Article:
Imagine if street artists came into a museum and covered the gallery walls with graffiti. That’s what happened in the Morris Museum’s main gallery—but it wasn’t an act of vandalism. Twelve vibrant tags (letter-based graffiti) and caricatures were spray-painted directly onto the once-pristine walls for the exhibit “Aerosol: Graffiti | Street Art | New Jersey | Now,” on display through March 15, 2020.
The museum’s chief curator, Ron Labaco, along with cocurator and Trenton street artist Will Kasso Condry gave creative liberty to the participating aerosol artists: 4sakn, Acet TM7, Dave Mek One Klama, Dean Ras Innocenzi, Demerock, Distort, Elan, Felipe Prox One Rivas, Jonathan Conner (LANK), Leon Rainbow and Maliq Griffin. Each is a contributor to New Jersey’s dynamic graffiti scene. Condry is also represented in the exhibit with his street-art portrait of the late Jerry Gant, “a New Jersey graffiti god.”
Distort, known for his Jersey City murals, including the state’s largest by a single artist, painted an ominous piece for the exhibit depicting a man at the mouth of a railway tunnel. “He has a very dark palette,” says Condry. “He’s very detailed and his work literally draws you in.”
In addition to the individual murals, there is a tribute area dedicated to artists who have died and a wall for throw-ups, or quickly executed bubble lettering.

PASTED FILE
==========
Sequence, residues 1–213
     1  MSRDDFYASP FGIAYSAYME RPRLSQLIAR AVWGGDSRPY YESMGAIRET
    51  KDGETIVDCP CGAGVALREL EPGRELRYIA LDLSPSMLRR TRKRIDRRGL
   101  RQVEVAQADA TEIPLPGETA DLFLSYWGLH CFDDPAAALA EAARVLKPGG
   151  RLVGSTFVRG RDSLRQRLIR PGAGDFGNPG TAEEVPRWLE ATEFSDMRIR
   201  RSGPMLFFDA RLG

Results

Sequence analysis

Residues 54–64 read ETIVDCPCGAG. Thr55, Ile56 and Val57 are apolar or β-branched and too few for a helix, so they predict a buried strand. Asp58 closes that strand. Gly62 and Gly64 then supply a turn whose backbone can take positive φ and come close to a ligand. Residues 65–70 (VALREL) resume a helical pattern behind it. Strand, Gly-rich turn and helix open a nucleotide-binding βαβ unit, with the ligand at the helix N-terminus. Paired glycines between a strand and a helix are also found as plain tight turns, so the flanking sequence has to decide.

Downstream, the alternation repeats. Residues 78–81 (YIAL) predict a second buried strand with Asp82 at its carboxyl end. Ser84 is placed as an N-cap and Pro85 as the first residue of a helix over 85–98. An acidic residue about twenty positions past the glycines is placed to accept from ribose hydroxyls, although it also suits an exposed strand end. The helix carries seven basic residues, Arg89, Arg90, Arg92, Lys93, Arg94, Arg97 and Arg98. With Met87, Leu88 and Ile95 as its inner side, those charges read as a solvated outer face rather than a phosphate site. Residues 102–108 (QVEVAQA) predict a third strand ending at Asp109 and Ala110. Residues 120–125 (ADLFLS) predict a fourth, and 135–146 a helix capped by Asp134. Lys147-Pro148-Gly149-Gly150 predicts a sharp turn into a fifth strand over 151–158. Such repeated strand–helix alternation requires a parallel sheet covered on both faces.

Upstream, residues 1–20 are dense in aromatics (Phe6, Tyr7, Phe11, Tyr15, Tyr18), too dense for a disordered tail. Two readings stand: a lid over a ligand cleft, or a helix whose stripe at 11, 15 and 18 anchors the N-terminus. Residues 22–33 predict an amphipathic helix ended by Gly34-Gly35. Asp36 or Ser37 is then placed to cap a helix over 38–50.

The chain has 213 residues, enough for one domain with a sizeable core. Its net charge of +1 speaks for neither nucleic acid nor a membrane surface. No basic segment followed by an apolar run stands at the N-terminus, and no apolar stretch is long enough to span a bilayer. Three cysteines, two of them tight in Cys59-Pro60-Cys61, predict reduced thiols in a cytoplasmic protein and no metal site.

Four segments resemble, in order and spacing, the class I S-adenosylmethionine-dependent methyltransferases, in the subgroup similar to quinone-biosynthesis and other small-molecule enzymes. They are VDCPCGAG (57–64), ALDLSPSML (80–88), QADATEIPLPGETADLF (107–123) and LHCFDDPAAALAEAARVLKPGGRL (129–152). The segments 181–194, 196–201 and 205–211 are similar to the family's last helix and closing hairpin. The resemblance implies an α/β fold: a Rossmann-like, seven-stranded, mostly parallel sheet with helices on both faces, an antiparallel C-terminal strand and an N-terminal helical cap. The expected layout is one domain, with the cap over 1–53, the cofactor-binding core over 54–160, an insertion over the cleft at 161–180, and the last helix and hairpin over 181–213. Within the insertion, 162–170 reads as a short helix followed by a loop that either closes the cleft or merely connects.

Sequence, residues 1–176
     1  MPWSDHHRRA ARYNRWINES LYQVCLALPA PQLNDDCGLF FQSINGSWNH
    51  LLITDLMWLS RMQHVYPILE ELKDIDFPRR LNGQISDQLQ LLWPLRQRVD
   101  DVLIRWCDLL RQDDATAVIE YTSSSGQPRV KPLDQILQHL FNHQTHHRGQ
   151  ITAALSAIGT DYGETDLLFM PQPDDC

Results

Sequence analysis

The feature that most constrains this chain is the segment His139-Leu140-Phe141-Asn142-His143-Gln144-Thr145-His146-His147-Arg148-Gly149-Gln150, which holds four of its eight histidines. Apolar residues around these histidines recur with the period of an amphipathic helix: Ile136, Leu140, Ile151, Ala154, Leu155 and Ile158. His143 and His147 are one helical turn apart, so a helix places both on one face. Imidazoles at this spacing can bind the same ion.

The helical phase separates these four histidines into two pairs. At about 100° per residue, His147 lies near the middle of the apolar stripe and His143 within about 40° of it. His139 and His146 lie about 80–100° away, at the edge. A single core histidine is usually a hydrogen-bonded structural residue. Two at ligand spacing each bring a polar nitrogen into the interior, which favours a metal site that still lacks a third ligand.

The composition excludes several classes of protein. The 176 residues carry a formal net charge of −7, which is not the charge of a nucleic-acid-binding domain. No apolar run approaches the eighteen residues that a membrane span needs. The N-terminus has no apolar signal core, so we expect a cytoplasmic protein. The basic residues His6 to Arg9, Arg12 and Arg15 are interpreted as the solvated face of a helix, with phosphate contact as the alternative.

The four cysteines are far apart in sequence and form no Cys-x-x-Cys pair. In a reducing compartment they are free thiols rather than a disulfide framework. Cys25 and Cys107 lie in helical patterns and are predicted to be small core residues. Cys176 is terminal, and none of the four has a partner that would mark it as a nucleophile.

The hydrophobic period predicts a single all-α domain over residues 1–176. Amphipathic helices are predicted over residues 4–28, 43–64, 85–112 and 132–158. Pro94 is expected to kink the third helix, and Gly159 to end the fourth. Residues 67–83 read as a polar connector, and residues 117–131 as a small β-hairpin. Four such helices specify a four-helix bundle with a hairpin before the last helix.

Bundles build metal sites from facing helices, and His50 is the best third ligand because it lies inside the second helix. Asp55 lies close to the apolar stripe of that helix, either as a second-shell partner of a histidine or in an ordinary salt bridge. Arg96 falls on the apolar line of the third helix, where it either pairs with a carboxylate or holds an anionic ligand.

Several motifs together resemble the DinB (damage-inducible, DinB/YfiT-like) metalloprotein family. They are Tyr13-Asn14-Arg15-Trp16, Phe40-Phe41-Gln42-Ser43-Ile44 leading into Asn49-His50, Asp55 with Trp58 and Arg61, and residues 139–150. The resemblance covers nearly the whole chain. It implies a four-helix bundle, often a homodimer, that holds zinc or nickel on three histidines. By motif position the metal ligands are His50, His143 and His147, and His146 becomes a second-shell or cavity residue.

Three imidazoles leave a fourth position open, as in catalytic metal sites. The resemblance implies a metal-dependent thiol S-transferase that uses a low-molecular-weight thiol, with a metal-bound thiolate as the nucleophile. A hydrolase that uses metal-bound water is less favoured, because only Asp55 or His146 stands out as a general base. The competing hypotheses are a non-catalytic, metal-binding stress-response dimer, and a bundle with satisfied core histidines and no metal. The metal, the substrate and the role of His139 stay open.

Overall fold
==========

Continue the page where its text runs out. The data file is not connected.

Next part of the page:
A strong sense of community is an essential element of graffiti culture. Artists are often members of crews or travel to practice their craft. “That’s the beauty of it,” says Condry. “No matter your race, class or gender, the only thing that matters is what you put on the wall.”
Still, the industry is male dominated. In this exhibition, Acet TM7 is the only woman artist. Currently, a majority of graffiti writers are suburban white males, says Condry. “It’s funny, because it started in very urban black and brown communities. But it’s always been a melting pot.”
Graffiti writing and street art are rooted in risk-taking. Roadblocks for artists include unpredictable weather, local laws and complaints from neighbors.
Condry, who teaches the politics of graffiti at Middlebury College in Bennington, Vermont, says the legal consequences for producing graffiti and street art have intensified over the years. “It depends on the municipality and on the level of property damage,” he adds.
Graffiti writers live by the rule, “Don’t get attached to your work,” says Condry. “The spaces that you paint are just as ephemeral as the art.”
The same goes for this exhibit. The walls will be painted white when the show closes. “It’s a once-in-a-lifetime opportunity to get this caliber of creativity and artistry in one spot,” says Labaco.
On November 21–23, New Jersey’s 10 Hairy Legs dance troupe will complement the exhibit with performances of Trouble Will Find Me: Remixed, a new site-specific piece.
While anonymity is valued in the graffiti scene, so is fame. “At the end of the day,” says Condry, “you want to be remembered. That’s really why you put your name up. You want someone to know that you exist.”
Above all, it’s about self-expression. “There’s a story behind each one of those tags,” says Condry. “Hopefully, we can tell that story as authentically as possible.”